Genocide in Guatemala

A recent discovery of millions of pages of files from Guatemala’s National Police could help the country’s citizens, as well as the global community, take another small step towards ending impunity and establishing justice.

The police agency was disbanded in 1996 for its part in the state sponsored terror and genocide campaigns during the country’s civil war that left at least 200,000 people dead and tens of thousands of others missing.

 Guatemala’s bloody history is largely due to U.S. foreign policy during the Cold War, which included coups, supporting genocidal dictators and training soldiers in counterinsurgency techniques to purge the country of any “leftists.”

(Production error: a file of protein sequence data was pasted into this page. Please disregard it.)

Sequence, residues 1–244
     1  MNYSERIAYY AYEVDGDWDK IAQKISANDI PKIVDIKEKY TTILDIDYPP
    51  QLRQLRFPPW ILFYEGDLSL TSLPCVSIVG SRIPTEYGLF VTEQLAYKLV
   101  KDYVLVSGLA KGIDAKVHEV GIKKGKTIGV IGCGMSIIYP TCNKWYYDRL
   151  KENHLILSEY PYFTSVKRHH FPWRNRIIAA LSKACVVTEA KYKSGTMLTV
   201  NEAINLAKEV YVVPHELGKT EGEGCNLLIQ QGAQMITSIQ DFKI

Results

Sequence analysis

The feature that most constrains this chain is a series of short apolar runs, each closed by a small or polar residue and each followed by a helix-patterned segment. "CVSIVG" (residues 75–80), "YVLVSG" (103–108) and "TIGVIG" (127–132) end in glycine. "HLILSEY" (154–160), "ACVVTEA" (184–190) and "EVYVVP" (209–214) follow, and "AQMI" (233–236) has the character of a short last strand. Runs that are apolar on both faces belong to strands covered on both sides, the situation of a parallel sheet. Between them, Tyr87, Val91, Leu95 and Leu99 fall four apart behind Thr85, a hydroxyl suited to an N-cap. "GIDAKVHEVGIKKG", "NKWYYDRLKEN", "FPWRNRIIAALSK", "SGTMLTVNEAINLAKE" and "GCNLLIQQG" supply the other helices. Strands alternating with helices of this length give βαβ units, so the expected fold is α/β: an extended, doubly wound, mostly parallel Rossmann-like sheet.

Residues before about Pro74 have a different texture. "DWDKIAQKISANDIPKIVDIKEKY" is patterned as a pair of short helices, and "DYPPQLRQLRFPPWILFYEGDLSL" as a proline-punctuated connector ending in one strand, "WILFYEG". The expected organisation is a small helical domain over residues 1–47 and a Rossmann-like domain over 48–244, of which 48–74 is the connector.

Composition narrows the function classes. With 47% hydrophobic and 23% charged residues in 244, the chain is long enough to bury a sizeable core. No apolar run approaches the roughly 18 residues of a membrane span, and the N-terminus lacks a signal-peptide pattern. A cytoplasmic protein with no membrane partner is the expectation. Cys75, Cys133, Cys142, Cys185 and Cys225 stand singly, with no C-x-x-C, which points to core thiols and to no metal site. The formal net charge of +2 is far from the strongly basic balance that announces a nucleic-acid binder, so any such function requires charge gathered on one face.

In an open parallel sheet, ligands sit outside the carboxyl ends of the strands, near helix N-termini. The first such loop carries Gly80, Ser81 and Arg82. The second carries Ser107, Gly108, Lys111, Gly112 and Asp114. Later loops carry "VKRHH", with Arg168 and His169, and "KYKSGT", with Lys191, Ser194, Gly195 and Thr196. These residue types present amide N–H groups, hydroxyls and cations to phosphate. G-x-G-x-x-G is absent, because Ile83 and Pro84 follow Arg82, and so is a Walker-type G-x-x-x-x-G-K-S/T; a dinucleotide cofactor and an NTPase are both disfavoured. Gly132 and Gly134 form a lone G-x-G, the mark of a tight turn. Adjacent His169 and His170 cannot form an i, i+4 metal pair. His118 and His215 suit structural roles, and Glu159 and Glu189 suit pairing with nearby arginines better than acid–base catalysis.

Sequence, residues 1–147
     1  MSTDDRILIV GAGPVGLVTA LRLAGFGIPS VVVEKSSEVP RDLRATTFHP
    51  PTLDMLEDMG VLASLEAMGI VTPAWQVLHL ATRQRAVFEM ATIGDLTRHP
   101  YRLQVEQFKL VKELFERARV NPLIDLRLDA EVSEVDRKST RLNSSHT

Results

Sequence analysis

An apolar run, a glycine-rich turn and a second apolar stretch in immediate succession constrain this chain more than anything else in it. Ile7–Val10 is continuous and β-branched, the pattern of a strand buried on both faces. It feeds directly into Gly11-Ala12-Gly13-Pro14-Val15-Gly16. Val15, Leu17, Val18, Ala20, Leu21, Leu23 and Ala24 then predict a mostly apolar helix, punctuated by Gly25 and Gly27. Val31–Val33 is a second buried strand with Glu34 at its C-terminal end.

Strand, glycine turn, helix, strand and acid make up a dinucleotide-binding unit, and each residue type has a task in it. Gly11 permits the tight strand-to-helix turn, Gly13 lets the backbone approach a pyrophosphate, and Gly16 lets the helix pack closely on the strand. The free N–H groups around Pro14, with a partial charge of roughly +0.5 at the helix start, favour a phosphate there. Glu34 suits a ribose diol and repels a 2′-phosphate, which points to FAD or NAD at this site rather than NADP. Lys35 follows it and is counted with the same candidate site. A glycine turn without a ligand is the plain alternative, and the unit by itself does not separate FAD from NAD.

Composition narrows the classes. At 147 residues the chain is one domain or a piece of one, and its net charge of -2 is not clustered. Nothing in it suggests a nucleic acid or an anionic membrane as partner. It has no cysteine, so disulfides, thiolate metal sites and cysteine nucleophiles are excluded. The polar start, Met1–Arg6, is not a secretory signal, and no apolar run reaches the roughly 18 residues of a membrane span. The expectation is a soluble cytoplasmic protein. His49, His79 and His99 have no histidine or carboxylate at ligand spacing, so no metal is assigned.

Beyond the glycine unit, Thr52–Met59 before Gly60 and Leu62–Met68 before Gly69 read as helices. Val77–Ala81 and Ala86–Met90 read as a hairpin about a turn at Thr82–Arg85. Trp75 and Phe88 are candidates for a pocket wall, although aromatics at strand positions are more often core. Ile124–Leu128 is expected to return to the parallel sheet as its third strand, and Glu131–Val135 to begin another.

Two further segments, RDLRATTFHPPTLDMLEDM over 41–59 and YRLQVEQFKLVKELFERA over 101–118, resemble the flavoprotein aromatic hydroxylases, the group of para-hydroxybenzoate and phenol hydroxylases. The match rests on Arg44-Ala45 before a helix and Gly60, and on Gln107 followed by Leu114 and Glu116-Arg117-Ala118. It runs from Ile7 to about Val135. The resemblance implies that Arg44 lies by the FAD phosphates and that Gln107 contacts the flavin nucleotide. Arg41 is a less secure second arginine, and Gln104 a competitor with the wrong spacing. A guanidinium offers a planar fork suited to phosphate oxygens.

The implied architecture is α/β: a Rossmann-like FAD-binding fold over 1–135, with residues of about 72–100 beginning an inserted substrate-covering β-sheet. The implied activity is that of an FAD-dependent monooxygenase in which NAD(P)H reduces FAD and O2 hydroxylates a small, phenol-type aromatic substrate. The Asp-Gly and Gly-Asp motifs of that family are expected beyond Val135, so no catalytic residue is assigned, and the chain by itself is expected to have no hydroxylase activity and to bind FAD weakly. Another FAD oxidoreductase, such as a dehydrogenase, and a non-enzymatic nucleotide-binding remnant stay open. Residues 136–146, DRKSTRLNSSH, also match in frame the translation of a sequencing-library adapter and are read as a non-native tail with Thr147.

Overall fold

In addition to bringing Guatemalan actors to justice, the files could possibly shed further light into the U.S. government’s role, with the possibility of creating a path to bringing American officials to justice.

The 75 million pages of files include cabinet files labeled “Disappeared”, “assasins” and “special cases.”

The National Security Archive has provided a slide show of photographs documenting the discovery.